But amid the outpouring of grief, outrage and compassion for the Ansari family, there is disagreement among some over how best to reach out to the grieving Afghan and Muslim communities.
Some leaders are organizing "Wear a Hijab Day" — scheduled for Nov. 13 — as a symbolic gesture of solidarity with Muslim women. Ansari was wearing a hijab — a traditional Muslim head scarf — when she was shot, her relatives said.
"So many people have contacted us, and people wanted to do something beyond sending money," said Melanie Gadener, founder of Foundation for Self-Reliance, a Fremont nonprofit offering programs for Afghan immigrants.
Ansari, 38, was killed last Thursday as she walked on Glenmoor Drive with her 3-year-old daughter. Some of Ansari's relatives said the killing was a hate crime, but authorities have yet to establish a motive.
Racially motivated or not, the slaying has galvanized people to show support for Muslim women, said City Councilmember Anu Natarajan, a co-organizer of "Wear a Hijab Day."
"This has shaken the entire community," Natarajan said. "All of us want to say, 'We will not tolerate something like this in Fremont.' We want to do something visually symbolic."
The day's planners said they also have contacted local Muslim and Afghan leaders to avoid unwittingly offending the family or trivializing Ansari's death, Natarajan said.
But Bruce Green, a Fremont minister who has an office at Centerville Presbyterian Church, questions if there might be a better, more inclusive way to show solidarity. "I've talked with different Afghan women who don't want to embrace the hijab," Green said. "Not every Muslim wears one or thinks of it as a positive symbol."
Instead, he advocates an idea he calls "Ladies Only Hug a Hijab." It encourages women of all backgrounds to approach women wearing the Muslim head garment to offer an embrace and express sadness over the Ansari killing.
Green also wants to be sensitive to the tradition among most Muslims that prohibits casual physical interaction between men and women. So he urges men in the same situation to put their hands on their hearts and say, "As-Salaam-Alaikum (peace be unto you)."
Green has assisted Afghan immigrants in recent years, building bridges between Muslim and Christian communities. He bristles against what he calls the "premature framing" of the shooting as a hate crime.
"We want this community to be characterized by love, not hate; by an embrace, not a shove," said Green, also a board member of the Afghan Coalition. "We're not a perfect community, but (racism) is not endemic here."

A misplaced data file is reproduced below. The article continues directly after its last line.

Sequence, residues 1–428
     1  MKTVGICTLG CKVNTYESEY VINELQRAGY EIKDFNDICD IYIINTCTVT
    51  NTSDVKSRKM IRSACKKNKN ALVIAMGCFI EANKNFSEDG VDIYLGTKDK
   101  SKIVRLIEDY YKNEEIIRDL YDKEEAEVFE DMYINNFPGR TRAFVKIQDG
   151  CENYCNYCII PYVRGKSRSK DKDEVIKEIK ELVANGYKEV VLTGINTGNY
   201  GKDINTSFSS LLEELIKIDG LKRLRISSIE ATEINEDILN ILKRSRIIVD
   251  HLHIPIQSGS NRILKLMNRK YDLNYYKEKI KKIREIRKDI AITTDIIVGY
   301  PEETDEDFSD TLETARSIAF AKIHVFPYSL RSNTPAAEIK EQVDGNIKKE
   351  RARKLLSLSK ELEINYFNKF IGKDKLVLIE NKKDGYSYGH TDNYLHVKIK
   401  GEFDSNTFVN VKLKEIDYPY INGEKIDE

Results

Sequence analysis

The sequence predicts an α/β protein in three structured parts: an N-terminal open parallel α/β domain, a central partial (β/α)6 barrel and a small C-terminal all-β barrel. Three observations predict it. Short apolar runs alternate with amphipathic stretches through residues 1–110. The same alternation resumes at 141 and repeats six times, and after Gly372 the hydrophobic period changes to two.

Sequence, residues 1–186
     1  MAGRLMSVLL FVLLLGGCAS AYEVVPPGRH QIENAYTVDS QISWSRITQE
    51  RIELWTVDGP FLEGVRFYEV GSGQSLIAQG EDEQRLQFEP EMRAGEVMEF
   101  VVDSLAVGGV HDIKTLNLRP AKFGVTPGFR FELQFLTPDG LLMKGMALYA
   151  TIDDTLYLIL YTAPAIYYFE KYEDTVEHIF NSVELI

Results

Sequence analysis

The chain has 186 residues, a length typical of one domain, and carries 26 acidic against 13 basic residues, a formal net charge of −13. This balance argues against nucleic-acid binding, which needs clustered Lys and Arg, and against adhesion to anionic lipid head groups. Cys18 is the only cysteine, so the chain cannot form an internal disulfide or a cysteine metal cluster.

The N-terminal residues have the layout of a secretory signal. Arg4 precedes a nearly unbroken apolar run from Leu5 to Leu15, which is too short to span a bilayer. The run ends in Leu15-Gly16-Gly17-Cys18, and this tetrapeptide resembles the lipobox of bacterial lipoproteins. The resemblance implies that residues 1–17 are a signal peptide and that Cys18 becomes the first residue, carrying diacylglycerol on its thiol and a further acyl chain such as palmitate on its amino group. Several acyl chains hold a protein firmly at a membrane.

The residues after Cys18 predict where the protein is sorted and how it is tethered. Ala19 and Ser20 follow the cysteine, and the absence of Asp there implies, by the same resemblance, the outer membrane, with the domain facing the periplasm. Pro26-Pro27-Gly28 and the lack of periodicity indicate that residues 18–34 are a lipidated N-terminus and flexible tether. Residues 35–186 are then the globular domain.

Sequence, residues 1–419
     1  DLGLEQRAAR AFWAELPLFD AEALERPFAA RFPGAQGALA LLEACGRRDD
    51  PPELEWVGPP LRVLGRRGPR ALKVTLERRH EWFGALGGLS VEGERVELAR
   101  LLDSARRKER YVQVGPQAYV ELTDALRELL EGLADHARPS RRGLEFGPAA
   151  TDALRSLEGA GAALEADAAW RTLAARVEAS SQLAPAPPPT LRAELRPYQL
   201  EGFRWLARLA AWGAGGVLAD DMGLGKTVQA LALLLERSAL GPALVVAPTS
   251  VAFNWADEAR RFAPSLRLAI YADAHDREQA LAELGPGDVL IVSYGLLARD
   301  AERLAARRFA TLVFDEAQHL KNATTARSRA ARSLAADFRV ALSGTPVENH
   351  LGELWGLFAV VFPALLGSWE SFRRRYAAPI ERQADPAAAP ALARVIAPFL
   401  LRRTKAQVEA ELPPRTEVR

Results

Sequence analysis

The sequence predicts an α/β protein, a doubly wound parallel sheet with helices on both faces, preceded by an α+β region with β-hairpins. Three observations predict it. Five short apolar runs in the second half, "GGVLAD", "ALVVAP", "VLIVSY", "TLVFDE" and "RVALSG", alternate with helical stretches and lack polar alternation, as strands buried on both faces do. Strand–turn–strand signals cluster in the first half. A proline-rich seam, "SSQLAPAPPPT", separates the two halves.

But opinions expressed by Muslim women at a Fremont mosque's recent open house dispute Green's viewpoint, said Moina Shaiq, vice chair of Fremont's Human Relations Commission.
"They said they feel unsafe," said Shaiq, a Muslim woman. "I wear a hijab and now I'm scared, especially after this incident. I hope this is not race-related, but you don't know."
The custom of wearing a hijab or not — much like some Catholic nuns who do not wear a habit — illustrates the diversity within the Muslim faith, Shaiq said. Since 9/11, ignorance and the "fear of the unknown" are what hurts the Muslim community, she said. And "Wear a Hijab Day" can be an educational opportunity toward that end.
"Seeing another woman wear a hijab will make me feel good," said Shaiq, originally from Pakistan. "It will show that I'm accepted in this society."
A prayer service will be held in honor of Ansari at 2:30 p.m. Friday at the Swim Lagoon in Central Park, Fremont Mayor Bob Wasserman said.
Authorities estimate that between 2,000 and 10,000 people may attend the Central Park gathering, police Officer Dennis Madsen said. Open to the public, it is expected to last 15 minutes. People may park in the Swim Lagoon lot in the park's southeast end.
Wasserman visited Saturday with the Ansari family, who are Muslim. "They said they would be proud to see non-Muslims at the service on Friday to share in their grief," Wasserman said.
The mayor also announced that Fremont Bank has agreed to participate in a fundraiser to financially aid Ansari's six children, whose ages range from 3 to 13.
In addition, Green will host a second memorial service at 11 a.m. Saturday in honor of Ansari. It will be held at the Centerville Presbyterian Church gymnasium, just a quarter-mile from the site of the slaying. Churchgoers on Sunday morning found Ansari's name and the letters "R.I.P." spray-painted on the church walls.
If the church lot is full Saturday, people are encouraged to park a few blocks away at Flamingo Palace restaurant, 4100 Peralta Blvd.
Meanwhile, authorities have not arrested anyone in connection with the slaying. On the day of the killing, police arrested Manuel David Urango Jr. — a 27-year-old parolee who fit witnesses' descriptions of the assailant — on unrelated charges. A black or Latino man in a black Toyota Tercel or BMW with a rear spoiler was seen fleeing the scene, witnesses said.
Police are calling Urango a "person of interest," and he is being held at Santa Rita county jail in Dublin.
Donations made by check to the Ansari children's fund may be made payable to "Alia Ansari Memorial" at Fremont Bank, Account No. 55041477; and to "Ansari Family" at Washington Mutual, Account No. 3091558830.